Technology

iOS 12.3 Battery Test: Are Older iOS Versions Better For Battery Life?

ios battery test ios 12.3
PhotoMIX-Company / Pixabay

Every time Apple pushes out a new version of iOS, one thing that receives a lot of attention is the battery life. Apparently, many users have found that their iPhone’s battery just doesn’t last as long as it did on previous versions. However, all we’ve had for quite some time has been anecdotal evidence—until now. A YouTuber conducted battery life tests on iOS 12.3 Beta 1, iOS 12.2, iOS 11.4.1 and iOS 10.3.3 to find out if all those anecdotal reports are accurate or if it only seems like the battery doesn’t last as long.

We should point out that iOS 12.2 is the current version most iOS devices are running.

Battery test conducted on iOS 12.3 and three other versions

iAppleBytes has been become known for conducting battery tests on various devices and operating systems. In fact, he decided to run a battery test on those four versions of iOS because so many viewers comment on his YouTube videos saying that older versions of Apple’s mobile operating system were easier on their iPhone’s battery. His video on the battery test is embedded below.

Whenever you’re conducting any sort of test, it’s important to make sure you’re comparing apples to apples and oranges to oranges, so ran the test on four iPhone 6s units which have all had their batteries replaced. The goal was to ensure that the batteries in all four units could store the same amount of power.

After replacing the batteries, he ran the standard Geekbench battery test on all four phones. The final step in the battery test involved running a 15-hour YouTube video on each phone side by side until they all died.

iOS battery test goes beyond anecdotal evidence

iAppleBytes’ battery test ended up with mixed results, which demonstrates that iPhones’ battery life doesn’t necessarily worsen with each new version of the OS. However, it does show that some iOS versions do indeed reduce the battery life of iPhones, so those who reported poorer battery life with newer versions aren’t entirely off base.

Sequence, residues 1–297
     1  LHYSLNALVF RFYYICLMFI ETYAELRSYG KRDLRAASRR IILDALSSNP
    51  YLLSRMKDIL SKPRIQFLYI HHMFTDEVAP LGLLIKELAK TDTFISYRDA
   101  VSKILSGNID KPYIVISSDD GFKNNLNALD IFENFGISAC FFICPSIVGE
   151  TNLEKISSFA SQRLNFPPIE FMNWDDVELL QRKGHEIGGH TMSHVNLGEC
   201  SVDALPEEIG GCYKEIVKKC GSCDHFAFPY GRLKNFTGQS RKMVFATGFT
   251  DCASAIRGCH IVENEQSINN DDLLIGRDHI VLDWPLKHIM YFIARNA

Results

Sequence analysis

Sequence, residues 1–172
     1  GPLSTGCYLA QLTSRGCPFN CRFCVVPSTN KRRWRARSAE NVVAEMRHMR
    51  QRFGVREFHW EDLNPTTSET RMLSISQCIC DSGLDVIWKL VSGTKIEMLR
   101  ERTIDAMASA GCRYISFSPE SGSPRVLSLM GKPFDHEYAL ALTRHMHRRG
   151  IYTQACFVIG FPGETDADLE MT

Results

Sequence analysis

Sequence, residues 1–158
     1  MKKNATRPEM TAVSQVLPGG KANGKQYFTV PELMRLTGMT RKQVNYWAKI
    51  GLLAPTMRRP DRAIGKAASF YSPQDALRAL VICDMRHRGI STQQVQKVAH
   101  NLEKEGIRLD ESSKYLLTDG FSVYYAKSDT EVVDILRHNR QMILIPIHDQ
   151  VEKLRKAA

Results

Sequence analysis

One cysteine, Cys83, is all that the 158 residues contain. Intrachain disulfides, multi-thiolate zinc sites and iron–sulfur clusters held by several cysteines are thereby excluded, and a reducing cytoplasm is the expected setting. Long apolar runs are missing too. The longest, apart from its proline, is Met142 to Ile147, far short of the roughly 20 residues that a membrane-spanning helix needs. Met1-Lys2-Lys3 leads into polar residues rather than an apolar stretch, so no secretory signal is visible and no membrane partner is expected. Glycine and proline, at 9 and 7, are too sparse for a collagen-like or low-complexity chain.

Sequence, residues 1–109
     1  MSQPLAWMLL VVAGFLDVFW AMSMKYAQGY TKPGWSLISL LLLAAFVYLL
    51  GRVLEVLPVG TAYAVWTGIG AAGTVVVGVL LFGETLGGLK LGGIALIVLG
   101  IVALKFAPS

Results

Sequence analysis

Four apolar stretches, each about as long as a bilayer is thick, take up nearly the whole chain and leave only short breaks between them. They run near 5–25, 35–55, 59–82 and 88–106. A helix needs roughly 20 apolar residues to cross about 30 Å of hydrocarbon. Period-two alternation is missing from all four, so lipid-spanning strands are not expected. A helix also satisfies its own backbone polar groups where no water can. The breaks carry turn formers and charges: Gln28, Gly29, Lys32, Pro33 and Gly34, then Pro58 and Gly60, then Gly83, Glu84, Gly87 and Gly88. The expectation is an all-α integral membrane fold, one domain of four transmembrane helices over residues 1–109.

According to the test, the iPhone 6s running iOS 12.3 Beta 1 lasted about 10 hours, which was the least of all four iPhones. We should emphasize that this was a beta version because Apple could tweak it to improve the battery life before the public release. The iPhones running iOS 12.2 and iOS 11.4.1 each lasted approximately 10-and-a-half hours, although iOS 12.2 did last about seven minutes longer than 11.4.1.

The iOS battery test found 10.3.3 to be the winner easily. It lasted about 11 hours and 41 minutes, so it offered much better battery life than the newest versions of Apple’s mobile OS.

Planned obsolescence?

The results of the iOS battery test do demonstrate that different iOS versions do indeed offer different amounts of battery life, which some will undoubtedly use as “proof” that older versions are indeed better. Apple caught a lot of flak—and rightfully so—for adding an iOS “feature” that slowed down some iPhone models when their batteries reached a certain age.

There was so much proof that newer iOS versions were slowing older models that Apple ended up admitting to doing it and offering a battery replacement program. Even though the company disabled the “feature” in iOS 11.3 by default, it will be a long time before it sheds its reputation as a company that builds planned obsolescence into its devices to convince users to upgrade to newer models more often.

The results of the iOS battery test don’t necessarily prove that this behavior continues, but they don’t disprove it either. We will just have to wait and see the results from a test on iOS 12.3 when it’s released publicly. If Apple doesn’t improve the battery life from where Beta 1 currently stands, we would expect this controversy to be dragged into the spotlight again.